Lori Jakiela

Johnny Monico Brought a Knife to School

And my son, who’s been a superhero from the time he was four, who used markers to make his own spider-web designs on all his turtlenecks and called himself “HS,” The Human Spider, says he knows what to do.

“I’ll take him down,” he says about Johnny Monico, one of those kids everyone calls by two names, set up from the beginning to be the villain.

Last year Johnny Monico dropped his pants in the Moon Bounce at Fun Day and shit in the corner, one perfect turd.

The teachers thought it must be a joke, a melted Snickers bar, but it wasn’t.

Johnny Monico, probably disturbed, maybe misunderstood.

I don’t care. This is what it’s come to.

Johnny Monico brought a knife to school. He’s in my son’s class. Third grade.

“He tried to stab Geno,” my son says, his green eyes serious. “He tried to stab Nate.”

The principal says what happened: another kid saw the knife in Johnny Monico’s bag and told.

Five days suspension, Johnny Monico’s mother called in, weeping, end of story.

“I’ll take him out,” my son says, and punches his small fist in his hand.

I want my son to know danger. I want him to fear it enough to keep him safe.

But fear is a learned thing.

After my first swimming lesson at the Y, I came home and told my father I could swim.

I was six.

My father took me to Blue Dell, a pool as big as the ocean, the biggest waterslide I’d ever seen, and said, “Show me.”

I loved my father.

I loved him when he picked me up.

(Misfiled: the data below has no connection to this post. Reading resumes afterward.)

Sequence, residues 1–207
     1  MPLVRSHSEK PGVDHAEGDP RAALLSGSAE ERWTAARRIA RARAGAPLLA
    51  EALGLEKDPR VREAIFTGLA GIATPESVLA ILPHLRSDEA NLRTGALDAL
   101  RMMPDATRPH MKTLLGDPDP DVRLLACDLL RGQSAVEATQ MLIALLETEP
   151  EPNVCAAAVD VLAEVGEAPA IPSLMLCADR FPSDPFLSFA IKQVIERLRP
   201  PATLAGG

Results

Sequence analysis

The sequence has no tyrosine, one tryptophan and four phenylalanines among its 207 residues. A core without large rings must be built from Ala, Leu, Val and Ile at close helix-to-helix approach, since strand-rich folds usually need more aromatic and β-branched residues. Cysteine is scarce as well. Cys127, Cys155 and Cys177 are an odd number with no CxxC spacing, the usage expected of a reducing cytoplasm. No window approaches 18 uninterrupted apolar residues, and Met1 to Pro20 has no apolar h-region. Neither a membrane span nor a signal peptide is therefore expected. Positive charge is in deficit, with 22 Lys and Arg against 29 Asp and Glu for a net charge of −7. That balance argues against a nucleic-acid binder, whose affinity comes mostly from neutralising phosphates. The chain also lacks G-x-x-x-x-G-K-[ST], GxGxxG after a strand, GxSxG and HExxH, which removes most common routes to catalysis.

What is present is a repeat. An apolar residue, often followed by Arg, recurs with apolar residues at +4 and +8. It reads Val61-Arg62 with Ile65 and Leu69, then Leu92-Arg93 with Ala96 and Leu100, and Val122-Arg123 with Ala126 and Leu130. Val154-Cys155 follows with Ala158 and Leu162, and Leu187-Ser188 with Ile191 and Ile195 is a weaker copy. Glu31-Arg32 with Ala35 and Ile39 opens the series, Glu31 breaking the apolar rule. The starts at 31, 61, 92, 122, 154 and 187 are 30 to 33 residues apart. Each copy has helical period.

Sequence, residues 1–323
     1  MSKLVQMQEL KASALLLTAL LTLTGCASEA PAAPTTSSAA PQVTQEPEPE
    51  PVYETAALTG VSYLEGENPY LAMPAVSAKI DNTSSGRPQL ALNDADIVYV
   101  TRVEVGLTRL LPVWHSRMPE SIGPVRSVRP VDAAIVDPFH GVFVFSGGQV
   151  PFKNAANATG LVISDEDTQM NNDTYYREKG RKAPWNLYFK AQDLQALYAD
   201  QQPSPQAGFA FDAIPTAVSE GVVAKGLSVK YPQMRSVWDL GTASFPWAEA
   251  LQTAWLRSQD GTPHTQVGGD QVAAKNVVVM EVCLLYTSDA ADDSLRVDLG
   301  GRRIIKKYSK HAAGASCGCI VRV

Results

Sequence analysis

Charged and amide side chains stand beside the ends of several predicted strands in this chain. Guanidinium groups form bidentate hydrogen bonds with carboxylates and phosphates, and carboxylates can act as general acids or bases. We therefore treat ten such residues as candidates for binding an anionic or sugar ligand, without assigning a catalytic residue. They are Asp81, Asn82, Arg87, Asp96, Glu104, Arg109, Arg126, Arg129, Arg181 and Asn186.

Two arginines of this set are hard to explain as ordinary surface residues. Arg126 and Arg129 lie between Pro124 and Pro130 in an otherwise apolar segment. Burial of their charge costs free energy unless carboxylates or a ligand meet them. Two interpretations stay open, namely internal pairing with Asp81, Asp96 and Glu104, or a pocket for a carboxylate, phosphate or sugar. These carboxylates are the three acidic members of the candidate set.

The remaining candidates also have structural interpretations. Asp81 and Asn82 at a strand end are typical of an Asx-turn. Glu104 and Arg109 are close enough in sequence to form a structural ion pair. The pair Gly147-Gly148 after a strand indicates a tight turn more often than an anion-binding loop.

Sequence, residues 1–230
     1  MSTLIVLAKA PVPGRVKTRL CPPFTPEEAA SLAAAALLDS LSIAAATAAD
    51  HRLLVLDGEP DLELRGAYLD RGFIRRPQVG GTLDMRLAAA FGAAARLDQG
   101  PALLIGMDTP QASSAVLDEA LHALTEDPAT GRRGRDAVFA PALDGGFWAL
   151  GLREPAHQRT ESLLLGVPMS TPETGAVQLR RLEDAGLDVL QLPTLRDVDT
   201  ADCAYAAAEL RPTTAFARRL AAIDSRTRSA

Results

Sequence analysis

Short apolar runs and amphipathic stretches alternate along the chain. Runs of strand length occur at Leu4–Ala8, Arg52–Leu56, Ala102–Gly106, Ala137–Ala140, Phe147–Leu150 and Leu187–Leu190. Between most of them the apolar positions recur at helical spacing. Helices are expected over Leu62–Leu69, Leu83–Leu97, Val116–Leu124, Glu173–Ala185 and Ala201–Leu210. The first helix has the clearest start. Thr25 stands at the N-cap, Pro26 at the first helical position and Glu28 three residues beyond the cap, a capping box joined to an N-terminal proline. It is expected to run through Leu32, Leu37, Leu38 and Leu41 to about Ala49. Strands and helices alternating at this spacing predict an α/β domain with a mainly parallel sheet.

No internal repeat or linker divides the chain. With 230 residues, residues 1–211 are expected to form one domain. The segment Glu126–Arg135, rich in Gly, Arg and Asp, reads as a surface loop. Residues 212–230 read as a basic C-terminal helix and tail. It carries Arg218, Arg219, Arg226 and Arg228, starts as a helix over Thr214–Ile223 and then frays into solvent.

I loved him when he threw me in the deep end.

I’m sure I thrashed in that blue water, thick as Jello. I’m sure I pushed my feet off the rough concrete sides and bottom and sank like the quarters adults tossed for other kids to dive for, a working-class lesson about money and what a body must do to get it, but all I remember is fear and my father’s arm coming down like some pale blue God to pull me out.

What can I say?

This was the 70s.

They called this parenting.

My father loved me.

My father was terrified by the world.

My father didn’t want me to drown, so he showed me drowning.

“That will teach you, smart ass,” my father said, but he held me when he said it.

I still don’t swim. At the ocean I don’t go in the water. I’m safe from that at least. Maybe that’s something.

As for Johnny Monico, the knife was a pen knife, dull, plastic-handled.

I want to take my son and shake him.

About the Moon Bounce incident, the principal said, “Johnny was angry.
The other kids were having a good time. He wanted them to stop.”

On our refrigerator, there’s an old drawing my son did from his HS days – a head with a turtleneck pulled over the nose, the word helps.

These days my son loves Indiana Jones. He has the hat, the whip.

He likes to watch his own shadow when he puts the hat on.

He’s in love with adventure, his own imagination.

I don’t want to take this from him.

But still.

“Even Indiana knew you shouldn’t bring a knife to a gun fight,” I say and pull my son close until he struggles to get loose.

“Even Indiana knew
when a boulder’s coming, get out of the way.”


Lori Jakiela is the author of seven books, most recently the poetry collection How Do You Like It Now, Gentlemen (Brickhouse Books). Her newest book, They Write Your Name on a Grain of Rice, is forthcoming in 2023 from Atticus Books. She lives in Trafford, Pennsylvania. Her author website is http://lorijakiela.net.